The bill, going through the Florida House, would give all offenders probation when they are released from prison.
By LUCY MORGAN
© St. Petersburg Times, published April 18, 2000
TALLAHASSEE -- A bill speeding through the House would establish a form of probation for all offenders as they are released from prison and would virtually abolish the Florida Parole Commission.
The bill wasn't even filed until April 7, but sailed out of a House committee Monday on a 5-2 vote over the objections of Democrats who say a bill that would make such radical changes in the criminal justice system needs more study.
The proposal also has the support of Gov. Jeb Bush, who included some of its provisions in his proposed budget earlier this year.
Committee members narrowly voted down an amendment that would have delayed the effective date of the changes until 2002 for a formal study of costs and effect on the criminal justice system.
The bill would require persons sentenced for crimes committed after July 1 to be released under mandatory probation supervision when they complete their prison sentence. The probationary time would be imposed at the time of sentencing and supervised by officers working for the Department of Corrections.
The term of probation would keep inmates from being turned out on the streets without some accountability, proponents of the bill say. It would be up to sentencing judges to hear accusations of violations of probation and consider sending the inmate back to prison.
Under the current system, only a small percentage of inmates released from prison are subject to special supervision. Of 23,000 inmates released in 1998-99, 4,500 were subject to post-prison supervision. Most of these conditions were imposed by sentencing judges.
The Parole Commission still has authority over about 5,500 inmates who remain eligible for parole under the state's old parole system, which was abolished in 1983. About 2,400 of those are free on conditional release supervised by the commission. The commission also does clemency investigations.
The bill would transform the Parole Commission into the Parole Board and all of its administrative functions would be transferred to Corrections. The transfer would reduce the staff of the commission from 184 persons to about 59. The three commission members, appointed by the governor, would remain as board members until their terms expire.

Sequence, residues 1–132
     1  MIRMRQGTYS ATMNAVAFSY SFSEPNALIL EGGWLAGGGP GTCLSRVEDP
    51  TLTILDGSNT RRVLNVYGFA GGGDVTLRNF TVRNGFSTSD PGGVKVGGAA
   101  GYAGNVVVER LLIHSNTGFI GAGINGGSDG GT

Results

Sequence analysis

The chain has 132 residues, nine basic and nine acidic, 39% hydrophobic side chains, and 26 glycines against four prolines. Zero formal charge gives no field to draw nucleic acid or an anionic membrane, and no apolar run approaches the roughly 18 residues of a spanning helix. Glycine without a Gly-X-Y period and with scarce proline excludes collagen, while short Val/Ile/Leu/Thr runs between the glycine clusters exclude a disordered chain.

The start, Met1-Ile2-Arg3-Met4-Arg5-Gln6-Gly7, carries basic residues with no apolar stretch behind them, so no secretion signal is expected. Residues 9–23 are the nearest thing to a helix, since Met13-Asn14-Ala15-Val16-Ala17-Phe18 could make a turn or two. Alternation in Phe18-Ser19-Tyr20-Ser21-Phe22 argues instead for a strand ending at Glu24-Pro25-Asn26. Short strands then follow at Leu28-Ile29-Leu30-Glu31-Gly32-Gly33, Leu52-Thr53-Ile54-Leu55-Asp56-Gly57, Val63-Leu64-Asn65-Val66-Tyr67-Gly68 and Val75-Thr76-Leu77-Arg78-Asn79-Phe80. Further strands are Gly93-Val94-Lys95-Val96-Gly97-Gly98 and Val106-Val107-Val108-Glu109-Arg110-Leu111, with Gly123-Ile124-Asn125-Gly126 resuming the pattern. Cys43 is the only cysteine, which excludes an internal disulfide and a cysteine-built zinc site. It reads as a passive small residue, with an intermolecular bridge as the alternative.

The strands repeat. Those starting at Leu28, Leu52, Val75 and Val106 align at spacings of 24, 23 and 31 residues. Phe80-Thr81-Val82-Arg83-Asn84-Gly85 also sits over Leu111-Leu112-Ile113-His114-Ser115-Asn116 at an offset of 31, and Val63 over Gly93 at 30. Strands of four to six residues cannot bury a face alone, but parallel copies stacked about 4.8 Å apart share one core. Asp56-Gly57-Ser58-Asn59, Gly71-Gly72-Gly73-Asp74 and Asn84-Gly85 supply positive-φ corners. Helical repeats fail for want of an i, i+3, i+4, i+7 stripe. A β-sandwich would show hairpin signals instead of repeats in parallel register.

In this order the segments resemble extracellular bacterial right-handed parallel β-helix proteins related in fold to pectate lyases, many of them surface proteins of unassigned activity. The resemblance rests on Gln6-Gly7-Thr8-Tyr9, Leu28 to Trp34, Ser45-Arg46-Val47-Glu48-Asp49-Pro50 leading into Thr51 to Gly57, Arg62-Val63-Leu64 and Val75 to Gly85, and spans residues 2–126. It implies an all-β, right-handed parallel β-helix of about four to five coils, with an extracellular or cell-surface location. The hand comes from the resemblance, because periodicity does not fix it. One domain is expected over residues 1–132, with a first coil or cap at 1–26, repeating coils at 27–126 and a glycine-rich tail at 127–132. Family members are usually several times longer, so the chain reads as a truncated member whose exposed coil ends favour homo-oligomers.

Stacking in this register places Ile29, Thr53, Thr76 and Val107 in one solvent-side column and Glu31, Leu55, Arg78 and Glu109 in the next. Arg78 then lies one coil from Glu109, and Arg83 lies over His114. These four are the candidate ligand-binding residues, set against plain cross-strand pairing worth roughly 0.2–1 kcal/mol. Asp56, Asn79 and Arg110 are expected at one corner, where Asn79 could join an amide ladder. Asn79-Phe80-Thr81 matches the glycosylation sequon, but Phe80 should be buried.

Rep. Fred Brummer, R-Apopka, the primary sponsor of the bill, said it would help ensure public safety and keep offenders subject to official oversight for 100 percent of their sentences. Brummer said he was late filing the bill because he was working out details with Brad Thomas, an aide to the governor.
Bush included the proposal in his budget earlier this year, but it was rejected by budget writers in both houses.
Despite earlier rejections, the proposal is clearly on a fast track in the House, but no senator has filed a companion bill.
Last week the bill became the catalyst for the resignation of longtime House staffer Jimmy Helms after an aide to House Speaker John Thrasher ordered the bill immediately placed on a committee agenda. When Helms resisted, he lost his parking place in the Capitol and decided to resign.
Cosponsors of the house bill include Rep. Tom Feeney, R-Oviedo, who is slated to become speaker in November if Republicans retain a majority.
On Monday, as the bill sped through the House Governmental Operations Committee, Democrats, the state's public defenders and Parole Commission Chairman Jimmie Henry urged lawmakers to slow down. All supported a study to determine the cost of making such radical changes.
Public Defender Richard Parker of Gainesville said he fears the bill would require the state to supervise about 18,500 more inmates a year and increase the cost of defending those who don't have the money to hire a lawyer.
Henry questioned whether it poses a conflict of interest for Corrections, the agency that houses inmates, to help decide conditions of release.
"There is no immediate, pressing need for this," Henry added.